Did Groupon Just Become a Buy?

Will Andrew Mason be remembered for his graceful exit? He's looking good so far. In a week in which Groupon's (NASDAQ: GRPN  ) board fired him as CEO, the stock ended end up more than 7%, enjoying one of its best rallies since the company's November 2011 IPO.

It's been mostly downhill since thanks to unsustainable merchant terms, increasing competition from LivingSocial, and Google's (NASDAQ: GOOGL  ) Offers service, which could become even more formidable in the face of the search king's positioning of Google+ as a platform for logging into mobile apps. Think of it as a Foursquare alternative: Check in, receive an offer.

Does Mason's departure come too late? Is a shift in strategy required? The Motley Fool's Alison Southwick asks Tim Beyers of Motley Fool Rule Breakers and Motley Fool Supernova for his perspective in the following video. Please watch, and then leave a comment to let us know what you think.

For further analysis, try our newest premium research report in which we dissect Groupon's rise and fall and tell you whether the stock deserves a place in your portfolio. Access your report now by clicking here.


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  • Report this Comment On March 09, 2013, at 10:42 PM, kashif777 wrote:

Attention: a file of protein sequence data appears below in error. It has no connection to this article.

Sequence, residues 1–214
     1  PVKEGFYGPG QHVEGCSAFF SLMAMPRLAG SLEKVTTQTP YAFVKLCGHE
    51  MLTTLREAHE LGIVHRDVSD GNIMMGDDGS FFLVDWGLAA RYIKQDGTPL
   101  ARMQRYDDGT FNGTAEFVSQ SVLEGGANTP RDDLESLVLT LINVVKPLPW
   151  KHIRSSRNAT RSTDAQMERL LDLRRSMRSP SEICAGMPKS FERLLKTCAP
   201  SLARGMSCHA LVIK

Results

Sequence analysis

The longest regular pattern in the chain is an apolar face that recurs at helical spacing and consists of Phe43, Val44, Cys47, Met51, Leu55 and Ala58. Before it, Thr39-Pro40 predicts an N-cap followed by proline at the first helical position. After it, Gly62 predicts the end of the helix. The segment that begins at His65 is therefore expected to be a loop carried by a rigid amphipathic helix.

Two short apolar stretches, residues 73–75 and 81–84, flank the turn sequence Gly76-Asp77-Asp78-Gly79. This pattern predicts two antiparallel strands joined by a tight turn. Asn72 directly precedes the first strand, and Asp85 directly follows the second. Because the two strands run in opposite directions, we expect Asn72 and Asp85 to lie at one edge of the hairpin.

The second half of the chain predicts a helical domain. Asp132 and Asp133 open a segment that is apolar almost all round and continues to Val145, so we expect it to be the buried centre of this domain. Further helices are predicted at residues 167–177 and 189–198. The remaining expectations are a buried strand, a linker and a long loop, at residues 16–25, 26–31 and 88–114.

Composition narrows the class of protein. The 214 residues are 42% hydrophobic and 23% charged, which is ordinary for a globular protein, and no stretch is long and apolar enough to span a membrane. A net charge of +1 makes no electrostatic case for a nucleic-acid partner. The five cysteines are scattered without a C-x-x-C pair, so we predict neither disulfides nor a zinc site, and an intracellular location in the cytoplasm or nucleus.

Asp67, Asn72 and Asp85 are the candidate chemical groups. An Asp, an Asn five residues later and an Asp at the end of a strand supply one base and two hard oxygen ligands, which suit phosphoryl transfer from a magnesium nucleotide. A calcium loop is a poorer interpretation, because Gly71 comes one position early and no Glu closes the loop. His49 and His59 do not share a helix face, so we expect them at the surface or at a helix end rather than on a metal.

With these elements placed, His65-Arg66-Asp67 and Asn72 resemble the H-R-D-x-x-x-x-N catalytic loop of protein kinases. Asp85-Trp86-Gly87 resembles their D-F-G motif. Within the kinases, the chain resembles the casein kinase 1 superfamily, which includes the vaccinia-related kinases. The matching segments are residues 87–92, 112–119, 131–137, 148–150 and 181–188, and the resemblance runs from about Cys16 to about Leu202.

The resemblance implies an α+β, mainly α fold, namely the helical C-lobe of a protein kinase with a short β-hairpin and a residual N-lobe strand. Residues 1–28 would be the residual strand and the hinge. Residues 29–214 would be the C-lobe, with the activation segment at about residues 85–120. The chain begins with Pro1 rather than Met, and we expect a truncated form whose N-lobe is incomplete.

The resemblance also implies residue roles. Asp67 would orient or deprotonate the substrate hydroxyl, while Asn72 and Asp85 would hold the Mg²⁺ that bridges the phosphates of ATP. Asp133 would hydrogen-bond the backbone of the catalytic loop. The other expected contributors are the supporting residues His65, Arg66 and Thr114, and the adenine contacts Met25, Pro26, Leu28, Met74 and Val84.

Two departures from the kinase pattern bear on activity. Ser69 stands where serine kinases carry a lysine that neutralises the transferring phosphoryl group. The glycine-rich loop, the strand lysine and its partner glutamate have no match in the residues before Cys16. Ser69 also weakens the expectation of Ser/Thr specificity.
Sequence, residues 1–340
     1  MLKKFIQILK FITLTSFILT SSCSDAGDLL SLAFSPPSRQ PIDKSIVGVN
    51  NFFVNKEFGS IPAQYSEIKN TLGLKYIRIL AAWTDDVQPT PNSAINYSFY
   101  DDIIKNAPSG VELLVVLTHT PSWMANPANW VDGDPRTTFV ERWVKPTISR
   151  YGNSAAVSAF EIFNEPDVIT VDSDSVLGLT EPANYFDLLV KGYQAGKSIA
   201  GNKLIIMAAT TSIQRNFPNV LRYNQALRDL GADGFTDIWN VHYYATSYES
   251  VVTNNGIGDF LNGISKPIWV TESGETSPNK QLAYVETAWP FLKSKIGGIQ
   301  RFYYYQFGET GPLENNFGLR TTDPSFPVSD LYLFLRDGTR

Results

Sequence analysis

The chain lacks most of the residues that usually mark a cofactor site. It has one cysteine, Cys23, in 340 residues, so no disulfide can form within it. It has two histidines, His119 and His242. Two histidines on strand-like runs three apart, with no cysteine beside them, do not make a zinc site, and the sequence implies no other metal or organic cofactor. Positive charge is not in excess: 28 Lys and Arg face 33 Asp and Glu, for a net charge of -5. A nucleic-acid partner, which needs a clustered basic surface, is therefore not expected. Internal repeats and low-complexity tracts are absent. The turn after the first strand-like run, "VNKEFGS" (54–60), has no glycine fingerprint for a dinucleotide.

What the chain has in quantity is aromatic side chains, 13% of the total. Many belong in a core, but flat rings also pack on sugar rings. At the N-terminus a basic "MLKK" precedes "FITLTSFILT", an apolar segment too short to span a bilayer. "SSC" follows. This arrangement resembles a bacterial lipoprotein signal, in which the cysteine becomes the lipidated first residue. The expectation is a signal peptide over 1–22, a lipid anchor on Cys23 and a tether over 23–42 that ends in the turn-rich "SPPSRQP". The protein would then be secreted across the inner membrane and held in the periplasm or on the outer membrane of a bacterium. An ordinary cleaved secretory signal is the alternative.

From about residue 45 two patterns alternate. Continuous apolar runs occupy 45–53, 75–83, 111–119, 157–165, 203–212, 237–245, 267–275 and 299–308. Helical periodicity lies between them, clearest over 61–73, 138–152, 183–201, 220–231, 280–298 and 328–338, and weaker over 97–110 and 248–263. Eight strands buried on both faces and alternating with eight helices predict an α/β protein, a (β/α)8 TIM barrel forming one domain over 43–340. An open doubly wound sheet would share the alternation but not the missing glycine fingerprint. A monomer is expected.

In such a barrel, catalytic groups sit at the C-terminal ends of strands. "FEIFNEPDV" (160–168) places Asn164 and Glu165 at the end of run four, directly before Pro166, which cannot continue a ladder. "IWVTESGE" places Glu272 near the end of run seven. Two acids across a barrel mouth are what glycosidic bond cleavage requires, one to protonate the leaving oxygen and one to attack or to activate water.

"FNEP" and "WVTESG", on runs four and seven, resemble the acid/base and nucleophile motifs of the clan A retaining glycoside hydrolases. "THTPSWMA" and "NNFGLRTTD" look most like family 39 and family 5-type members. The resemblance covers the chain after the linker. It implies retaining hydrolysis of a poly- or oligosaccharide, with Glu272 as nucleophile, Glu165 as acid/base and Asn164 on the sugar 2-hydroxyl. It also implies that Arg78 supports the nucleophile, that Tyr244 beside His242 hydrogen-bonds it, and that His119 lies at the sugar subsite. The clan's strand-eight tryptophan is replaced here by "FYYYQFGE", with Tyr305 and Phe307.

Groupon must make the move to social networking.

    Why, ask yourself, do people spend more time on FB than any other site? The answer is key to Groupon's evolution into success. Faces. Pictures of users, which everyone likes to see. This mirror-gazing, a basic human conceit, ensures FB users will log in time and time again. From the central reference of self grows a network of interests, friends etc.

    Since Groupon is already campy, it could easily allow users to upload profile pics. From there, it could request feedback on deals. A Groupon locker, for example, could become a rich repository of data for both merchants and consumers. Each user might add pics of Groupon getaways or restaurant outings, or sports events, etc. Add to this comments and you have a vast field of user-generated inputs which can be logged, sorted and harvested by the business.

    Why will this succeed? Look at FB. People are vain. We want to see our own faces, we want to read and reread out own comments, and the responses they engender.

    If Groupon moves into social networking, people will spend much, much more time on the site. More time means more sales.

    If FB can do coupons, Groupon can and should do, faces.

    That's my 2 cents...

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